Our assumptions about church are as rooted in our Christian tradition as in local context.
Who told us to call the elders a “board?”
Why do churches have business meetings?
Why do congregations get to vote?
Who told you to pray the salvation prayer, bow your head, close your eyes and fold your hands neatly?
Why do you interpret some parts of scripture literally and others figuratively?
Who said that we need to sing at a gathering or have a lengthy sermon?
The answers to these questions are not in the Bible. We may find a loose precedent for these practices, but the real sources are traditions and cultural context. And when traditions are well-watered and bloom, they become our assumptions.
The truth is many of our traditions and assumptions will simply go undetected. God is fine with this. We are placed at a certain time and place in history so that we can seek out God and know him. The problems arise when God wants to do something new and he challenges our assumptions and traditions. Which will we cling to? Will we find that we have been in love with the religion of Christianity and not God himself?
God has been revolutionizing the church recently in the area of leadership. Our corporate culture and church traditions dictate that someone has to be in charge of a congregation. Nevertheless, God has been contradicting the wisdom of our age and producing leadership teams and networks, even distributing leadership to an entire group of Christians. The problem is that many of us do not want the ball. When we see the ball dropped in our lap, our tendency many times is to find the leader and hand it off. Having the top dog or “shepherd” is comforting to us. We don’t have to hear from God, he does. We don’t have to study the scriptures at length, he does. We don’t have to take the heat when we make a bad decision, he does.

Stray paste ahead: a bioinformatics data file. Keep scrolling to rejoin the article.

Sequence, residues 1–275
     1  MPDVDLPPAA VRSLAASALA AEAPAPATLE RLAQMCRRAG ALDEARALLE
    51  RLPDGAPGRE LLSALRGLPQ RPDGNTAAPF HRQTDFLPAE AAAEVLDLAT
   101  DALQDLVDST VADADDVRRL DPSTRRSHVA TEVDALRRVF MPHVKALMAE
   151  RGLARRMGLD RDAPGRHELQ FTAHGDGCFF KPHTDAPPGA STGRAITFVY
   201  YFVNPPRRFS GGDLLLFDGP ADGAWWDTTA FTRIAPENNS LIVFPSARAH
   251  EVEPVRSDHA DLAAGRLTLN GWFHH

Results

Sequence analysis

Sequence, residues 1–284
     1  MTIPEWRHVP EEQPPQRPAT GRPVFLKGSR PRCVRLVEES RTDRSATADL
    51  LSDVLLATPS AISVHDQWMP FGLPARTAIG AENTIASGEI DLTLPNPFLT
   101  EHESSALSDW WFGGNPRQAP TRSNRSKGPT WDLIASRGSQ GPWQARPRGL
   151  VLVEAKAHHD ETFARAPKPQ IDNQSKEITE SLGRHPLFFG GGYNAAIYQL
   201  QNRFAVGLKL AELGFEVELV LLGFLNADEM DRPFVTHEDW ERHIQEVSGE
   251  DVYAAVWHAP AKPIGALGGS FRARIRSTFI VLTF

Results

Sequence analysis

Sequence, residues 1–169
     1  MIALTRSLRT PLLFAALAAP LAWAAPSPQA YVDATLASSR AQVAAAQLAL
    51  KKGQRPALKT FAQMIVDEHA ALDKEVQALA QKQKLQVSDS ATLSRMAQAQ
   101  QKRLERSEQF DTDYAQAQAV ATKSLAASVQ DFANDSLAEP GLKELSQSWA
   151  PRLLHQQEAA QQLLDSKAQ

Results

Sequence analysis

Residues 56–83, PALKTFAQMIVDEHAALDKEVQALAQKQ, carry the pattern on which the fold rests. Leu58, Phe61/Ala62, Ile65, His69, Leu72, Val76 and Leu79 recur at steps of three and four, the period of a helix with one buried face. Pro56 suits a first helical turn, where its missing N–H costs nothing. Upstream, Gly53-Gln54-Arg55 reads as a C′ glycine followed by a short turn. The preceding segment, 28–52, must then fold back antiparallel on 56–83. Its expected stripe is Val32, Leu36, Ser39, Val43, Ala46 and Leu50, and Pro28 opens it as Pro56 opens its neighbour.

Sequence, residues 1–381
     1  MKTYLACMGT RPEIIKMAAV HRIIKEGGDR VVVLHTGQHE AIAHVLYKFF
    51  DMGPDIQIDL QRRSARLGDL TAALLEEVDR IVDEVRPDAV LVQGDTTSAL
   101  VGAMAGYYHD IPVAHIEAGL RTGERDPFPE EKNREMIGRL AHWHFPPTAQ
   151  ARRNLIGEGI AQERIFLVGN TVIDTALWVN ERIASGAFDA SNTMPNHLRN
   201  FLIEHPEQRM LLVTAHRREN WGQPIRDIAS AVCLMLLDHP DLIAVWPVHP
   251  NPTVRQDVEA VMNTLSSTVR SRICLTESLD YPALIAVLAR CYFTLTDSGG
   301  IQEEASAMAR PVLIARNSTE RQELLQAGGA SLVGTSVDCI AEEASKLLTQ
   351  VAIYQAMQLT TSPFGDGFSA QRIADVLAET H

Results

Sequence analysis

Closely related to the issue of leadership is that of teaching and leading a gathering. In smaller church networks there is a tremendous opportunity to open the floor for discussion and dialogue. The teachers may be as numerous as those present in the room. There is no need for one teacher to hold center stage and to dominant the discussion. Are we ready to share that responsibility?
The nature of the Holy Spirit is another assumption that must be challenged in many Christians if the emerging conversation is destined to bear fruit. I cannot even fathom what the Holy Spirit is capable of, but I know for sure how underestimated he has been thus far in my life. For example, do we really expect the Holy Spirit to show up when we gather together to pray and study? Do we expect healing, direction, and deliverance from sin? I never have until recently, and even now my expectations are just a shade from rock bottom. If the emerging church is moving away from centralized leadership and we want to avoid all hell from breaking lose in the church, then we need to open ourselves to the Holy Spirit. If a gathering of Christians senses a Holy Spirit deficiency, then stop and listen. Let’s vow not to take another step forward until we get it right. If the Spirit is not free to move and work, then what do we expect to have when we gather together? A self help group?